The Innovation Race: Photos of the female factory workers who helped save Britain in World War I

By Culture24 Reporter | 31 March 2015

New exhibition at Museum of Science and Industry tells story of innovation race to turn First World War around

A greyscale photo of a group of women in factory uniforms during the first world war
Female munitions workers during the First World War, including members of the family of factory owner Sebastian Ziani de Ferranti
In 1915, a year into the First World War, facing likely defeat, low morale and a munitions crisis, the government created the Ministry of Munitions, appointing David Lloyd George as Minister of Munitions.

As part of an appeal which ensnared everyone from female factory workers to eminent engineers, Lloyd George visited Manchester to call for help. Some of the most revealing of the unique, rarely-seen artefacts in the exhibition are the diaries, archives, sketches and letters of Sebastian Ziani de Ferranti, an Oldham factory owner and electrical engineer.

De Ferranti masterminded the conversion of his entire factory output from domestic goods to shells and fuzes. His letters to his sons, Basil and Vincent, who fought at the front, appear alongside rare sketches of his munitions and images of his daughter, Vera, who worked on their production in her father’s factory.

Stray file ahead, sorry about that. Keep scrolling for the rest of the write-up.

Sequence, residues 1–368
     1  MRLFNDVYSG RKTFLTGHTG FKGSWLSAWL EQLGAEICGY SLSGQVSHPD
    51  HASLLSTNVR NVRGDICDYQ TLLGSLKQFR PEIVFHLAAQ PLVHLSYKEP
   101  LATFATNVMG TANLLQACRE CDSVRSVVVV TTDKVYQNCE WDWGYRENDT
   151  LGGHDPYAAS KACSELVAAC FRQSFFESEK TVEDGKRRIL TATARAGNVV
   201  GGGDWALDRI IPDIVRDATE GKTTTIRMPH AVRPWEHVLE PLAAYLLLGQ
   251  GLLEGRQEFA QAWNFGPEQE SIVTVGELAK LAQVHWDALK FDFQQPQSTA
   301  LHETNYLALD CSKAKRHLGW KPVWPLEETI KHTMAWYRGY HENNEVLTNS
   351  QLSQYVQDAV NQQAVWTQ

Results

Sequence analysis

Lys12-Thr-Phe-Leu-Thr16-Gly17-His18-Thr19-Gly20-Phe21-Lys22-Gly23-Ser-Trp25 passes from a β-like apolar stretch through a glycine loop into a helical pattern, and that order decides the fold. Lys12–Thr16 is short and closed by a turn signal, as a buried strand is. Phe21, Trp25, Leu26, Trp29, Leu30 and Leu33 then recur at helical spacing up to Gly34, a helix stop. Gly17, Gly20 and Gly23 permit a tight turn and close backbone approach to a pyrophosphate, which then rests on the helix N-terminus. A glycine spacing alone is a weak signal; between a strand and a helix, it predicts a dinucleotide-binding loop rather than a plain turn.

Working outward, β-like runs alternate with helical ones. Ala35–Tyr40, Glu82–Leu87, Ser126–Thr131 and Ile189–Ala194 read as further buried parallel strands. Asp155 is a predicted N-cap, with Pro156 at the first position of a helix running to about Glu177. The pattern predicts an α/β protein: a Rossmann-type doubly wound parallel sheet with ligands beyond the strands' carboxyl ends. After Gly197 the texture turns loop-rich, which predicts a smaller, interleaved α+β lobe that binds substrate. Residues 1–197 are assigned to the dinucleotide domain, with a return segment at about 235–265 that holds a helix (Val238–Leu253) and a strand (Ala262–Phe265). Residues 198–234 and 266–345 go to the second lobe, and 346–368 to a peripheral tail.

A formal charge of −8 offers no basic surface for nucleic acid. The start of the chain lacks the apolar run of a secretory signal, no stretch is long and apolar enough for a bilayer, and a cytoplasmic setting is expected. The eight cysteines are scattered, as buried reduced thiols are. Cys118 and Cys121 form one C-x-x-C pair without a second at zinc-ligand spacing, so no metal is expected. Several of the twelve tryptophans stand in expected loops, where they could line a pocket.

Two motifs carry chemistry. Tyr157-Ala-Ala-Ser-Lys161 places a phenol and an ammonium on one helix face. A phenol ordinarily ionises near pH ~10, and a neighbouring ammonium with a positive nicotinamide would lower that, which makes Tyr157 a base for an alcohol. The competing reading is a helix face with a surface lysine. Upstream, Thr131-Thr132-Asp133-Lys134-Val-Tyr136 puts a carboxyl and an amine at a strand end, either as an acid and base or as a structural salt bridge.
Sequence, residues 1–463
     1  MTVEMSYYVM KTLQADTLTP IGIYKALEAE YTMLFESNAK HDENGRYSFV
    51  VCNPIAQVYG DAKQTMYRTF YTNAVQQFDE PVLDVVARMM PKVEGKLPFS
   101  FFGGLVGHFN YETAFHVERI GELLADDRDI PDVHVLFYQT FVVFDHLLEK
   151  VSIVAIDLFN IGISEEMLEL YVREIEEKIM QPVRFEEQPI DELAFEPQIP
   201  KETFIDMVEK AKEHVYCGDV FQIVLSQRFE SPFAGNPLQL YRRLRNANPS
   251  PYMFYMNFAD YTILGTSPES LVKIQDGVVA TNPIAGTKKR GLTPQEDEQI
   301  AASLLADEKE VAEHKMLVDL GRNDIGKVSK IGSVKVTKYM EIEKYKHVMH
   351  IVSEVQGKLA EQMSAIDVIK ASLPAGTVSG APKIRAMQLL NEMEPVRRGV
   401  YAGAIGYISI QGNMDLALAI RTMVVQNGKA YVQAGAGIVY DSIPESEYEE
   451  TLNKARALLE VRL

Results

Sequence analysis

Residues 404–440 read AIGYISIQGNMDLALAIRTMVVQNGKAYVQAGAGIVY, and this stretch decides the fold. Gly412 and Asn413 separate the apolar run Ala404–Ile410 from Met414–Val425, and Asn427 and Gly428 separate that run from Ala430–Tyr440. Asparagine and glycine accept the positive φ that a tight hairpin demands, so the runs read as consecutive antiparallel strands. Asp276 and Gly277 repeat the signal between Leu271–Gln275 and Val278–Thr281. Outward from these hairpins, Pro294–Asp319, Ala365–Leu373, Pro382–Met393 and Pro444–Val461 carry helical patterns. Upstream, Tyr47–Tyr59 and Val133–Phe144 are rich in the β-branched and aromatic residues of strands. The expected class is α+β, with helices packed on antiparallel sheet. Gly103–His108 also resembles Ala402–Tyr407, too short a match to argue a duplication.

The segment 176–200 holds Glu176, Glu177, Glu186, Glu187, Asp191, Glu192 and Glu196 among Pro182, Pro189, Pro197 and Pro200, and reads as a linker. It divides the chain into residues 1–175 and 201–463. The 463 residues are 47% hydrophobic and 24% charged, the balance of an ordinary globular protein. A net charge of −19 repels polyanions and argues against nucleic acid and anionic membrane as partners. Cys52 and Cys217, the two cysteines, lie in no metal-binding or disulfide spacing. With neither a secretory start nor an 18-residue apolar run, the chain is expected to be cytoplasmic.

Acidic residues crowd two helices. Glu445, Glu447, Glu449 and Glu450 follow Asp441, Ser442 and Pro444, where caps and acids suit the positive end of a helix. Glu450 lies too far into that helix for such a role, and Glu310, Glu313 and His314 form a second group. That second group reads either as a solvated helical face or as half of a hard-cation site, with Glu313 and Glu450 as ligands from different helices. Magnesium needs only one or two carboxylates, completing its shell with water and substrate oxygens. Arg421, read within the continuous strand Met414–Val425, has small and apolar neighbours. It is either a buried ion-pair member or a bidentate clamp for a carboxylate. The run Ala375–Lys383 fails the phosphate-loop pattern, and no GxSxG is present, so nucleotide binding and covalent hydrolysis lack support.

Leading Mancunian manufacturing companies helped saved lives during the war. Mather and Platt’s company designed sprinkler systems, Thornton Pickard were responsible for aerial reconnaissance cameras and Beyer Peacock switched from locomotive manufacturing to anti-aircraft gun carriages and bomb-throwers for ships.

Their efforts helped the Lancashire Anti-Submarine Committee, who worked on the River Mersey, to develop ways of countering the devastating threat U-Boats posed.

In the absence of a specialised defence industry, the general public were encouraged to submit their own ideas on how to break the stalemate during the war. A Rejected Inventions section shows how ideas were often eccentric and unfeasible - from training seagulls to defacate on enemy periscopes to mounting machine guns on artificially frozen clouds.

Visitors are being invited to design and create their own novel solutions to wartime problems. And an interactive and tactile installation, the Story Juke Box, features tales from the region’s factories and families through six war testimonies.

  • The Innovation Race: Manchester’s Makers Join the First World War is at the Museum of Science and Industry until April 2016.

What do you think? Leave a comment below.

Pictures courtesy MOSI.

More from Culture24's First World War section:

Blackouts, Zeppelin raids and peace: New Scars on the City exhibition shows Edinburgh in World War I

Wrest Park reveals a First World War love story that lasted a lifetime

Aircraft of the First World War: A tour of the Grahame-White Factory at the RAF Museum London
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